Thinking Beyond Total Cost Of Ownership

Founder and CEO of Artisan, an innovation consultancy supporting global leaders with technology strategy and solution services.

It’s a common misconception that buying software is cheaper than building it. In reality, the true TCO (total cost of ownership) for a software solution—whether custom-built or out of the box—depends on many factors. While capital investment is an important consideration, it often ends up as a wash when considering all components of a build-versus-buy decision. Ultimately, business value (more than TCO) should drive technology investment decisions.

Gartner predicts that enterprise software spending will exceed $570 billion worldwide this year. The percentage of that capital spent on custom versus pre-packaged solutions is largely irrelevant. What matters is whether the technology solutions requiring such significant investments are driving business value or hindering it.

Off-the-shelf solutions may require less initial setup but can involve hefty licensing fees. Often software providers advertise the long-term cost savings of their solution and point to the fact that they maintain the product. There is no need for a dedicated team to manage upgrades, feature enhancements or bug fixes—so they say.

The problem is that most successful businesses thrive because they differentiate themselves. This means smart organizations typically need to customize pre-packed solutions to fit their unique business needs. After a few years and multiple layers of varnished customizations and work-around integrations, the solution becomes so complicated and nuanced that it requires an internal team to maintain it anyway.

Businesses that choose not to tailor off-the-shelf solutions may avoid the complexity and cost of an internal support team. Still, in exchange, they force their business users to become “human APIs” in a sea of SaaS services. To compensate for the lack of integration, users toggle between multiple screens, copy-and-pasting into spreadsheets as a workaround. Factor inefficiency and limited access to data into a TCO equation and it quickly tips in favor of customization.

That said, a completely customized solution is not always a silver bullet. Businesses that pursue the “build” route face a generally higher upfront price tag and longer ramp-up times. They also may need to take on the long-term commitment of employing a dedicated team to support the new product. The benefits are that they create a solution tailored to their organization’s specific needs. Every feature is utilized because each one was commissioned for the unique business needs of the users. There is very little waste. And in ideal cases, the solution is thoughtfully integrated with the rest of the organization’s core technologies and data to ensure maximum user adoption and increased efficiencies that ultimately impact the bottom line.

Whatever path you choose, it must bring tangible value to your company. Yet, what ultimately drives business value for each organization is nuanced. Following are a few questions I recommend all business leaders ask when making the build-versus-buy decision:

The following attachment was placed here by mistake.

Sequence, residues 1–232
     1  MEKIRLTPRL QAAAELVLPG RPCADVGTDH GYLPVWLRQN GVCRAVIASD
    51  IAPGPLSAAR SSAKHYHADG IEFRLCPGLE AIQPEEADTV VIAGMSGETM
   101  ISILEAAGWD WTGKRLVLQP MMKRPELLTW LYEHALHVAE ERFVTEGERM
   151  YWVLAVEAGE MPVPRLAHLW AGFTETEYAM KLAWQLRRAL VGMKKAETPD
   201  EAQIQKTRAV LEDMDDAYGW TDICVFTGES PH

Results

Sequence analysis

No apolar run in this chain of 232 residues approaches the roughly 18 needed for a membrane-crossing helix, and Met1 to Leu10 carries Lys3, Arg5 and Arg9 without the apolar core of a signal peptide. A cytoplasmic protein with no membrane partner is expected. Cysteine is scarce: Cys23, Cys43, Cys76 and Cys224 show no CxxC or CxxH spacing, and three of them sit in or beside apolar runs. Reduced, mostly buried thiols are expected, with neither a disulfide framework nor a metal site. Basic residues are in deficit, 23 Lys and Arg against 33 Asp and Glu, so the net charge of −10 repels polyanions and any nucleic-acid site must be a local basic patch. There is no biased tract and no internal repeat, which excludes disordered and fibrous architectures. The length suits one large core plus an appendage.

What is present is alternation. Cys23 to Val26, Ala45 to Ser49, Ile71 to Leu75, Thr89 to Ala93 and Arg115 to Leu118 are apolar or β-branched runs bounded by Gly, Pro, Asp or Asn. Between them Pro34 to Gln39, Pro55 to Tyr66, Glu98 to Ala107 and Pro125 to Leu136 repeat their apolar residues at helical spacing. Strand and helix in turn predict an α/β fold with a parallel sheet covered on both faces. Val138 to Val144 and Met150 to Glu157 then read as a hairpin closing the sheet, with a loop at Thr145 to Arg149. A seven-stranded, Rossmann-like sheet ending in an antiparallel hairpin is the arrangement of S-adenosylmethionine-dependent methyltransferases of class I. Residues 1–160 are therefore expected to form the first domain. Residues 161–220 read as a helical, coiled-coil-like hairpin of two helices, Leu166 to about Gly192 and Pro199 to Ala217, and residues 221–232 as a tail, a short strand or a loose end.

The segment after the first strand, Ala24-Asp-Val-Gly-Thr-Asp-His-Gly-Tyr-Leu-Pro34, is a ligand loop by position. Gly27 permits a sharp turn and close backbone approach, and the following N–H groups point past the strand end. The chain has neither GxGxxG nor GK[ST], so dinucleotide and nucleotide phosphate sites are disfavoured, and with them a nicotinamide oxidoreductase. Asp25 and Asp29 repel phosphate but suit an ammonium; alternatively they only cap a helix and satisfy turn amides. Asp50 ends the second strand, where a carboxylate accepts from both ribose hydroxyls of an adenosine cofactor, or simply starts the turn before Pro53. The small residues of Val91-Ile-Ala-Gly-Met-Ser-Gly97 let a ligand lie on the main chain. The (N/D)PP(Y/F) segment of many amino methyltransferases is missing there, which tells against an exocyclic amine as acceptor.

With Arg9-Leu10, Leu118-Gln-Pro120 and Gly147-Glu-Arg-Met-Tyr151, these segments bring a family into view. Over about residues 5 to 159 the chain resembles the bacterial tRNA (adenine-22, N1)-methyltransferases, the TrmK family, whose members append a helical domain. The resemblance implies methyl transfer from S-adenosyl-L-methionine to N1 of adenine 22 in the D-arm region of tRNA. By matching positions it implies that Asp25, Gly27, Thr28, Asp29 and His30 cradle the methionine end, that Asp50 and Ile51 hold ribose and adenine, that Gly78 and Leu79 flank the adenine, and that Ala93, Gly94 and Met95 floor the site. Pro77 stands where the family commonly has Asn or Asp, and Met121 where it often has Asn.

1. Is this solution a differentiator?

The ability to differentiate yourself from competitors is critical in today’s fast-moving market. If creating a customized solution allows you to stand out from the crowd or provide an exceptional customer experience, it’s likely a worthwhile investment. For example, customer e-commerce platforms that enable seamless integrations or a warehouse management platform that streamlines supply chain issues can make a significant difference for the customer.

Conversely, commoditized solutions that already fit your organization’s needs don’t need to be customized. Go ahead and buy a proven off-the-shelf ERP or workforce management tool. If customizing won’t drive new revenue or move the needle on cost or time savings, don’t waste your time reinventing the wheel.

2. Has a specific tool become the limiting factor for your business?

If a legacy tool or system has become a limiting factor, it is likely a sign that you need to explore custom solutions. Out-of-the-box solutions are built for the average organization. When your company starts outgrowing the core product offering, you’ve likely been forced to create workarounds and adapted solutions. Technology should be an extension of your business, never the harness holding you back. If your current technology encumbers your growth, it’s probably time to build something new.

3. Does this solution integrate seamlessly across the organization?

Today, access to real-time data is critical. When utilized quickly and wisely, it can inform catalytic decisions and drive growth. But when data across systems is ignored or siloed, the results can be catastrophic. Building a custom solution could be the better choice if an out-of-the-box technology tool is hindering synergy across the business or requiring cumbersome manual effort to integrate.

The Bottom Line

Over the next few months, I plan to dig deeper into these questions with follow-up articles. The decision to build or buy is complicated and looks different for each organization, so each topic deserves a deeper dive. The bottom line is: Whatever path you choose, the business value should drive your route forward.


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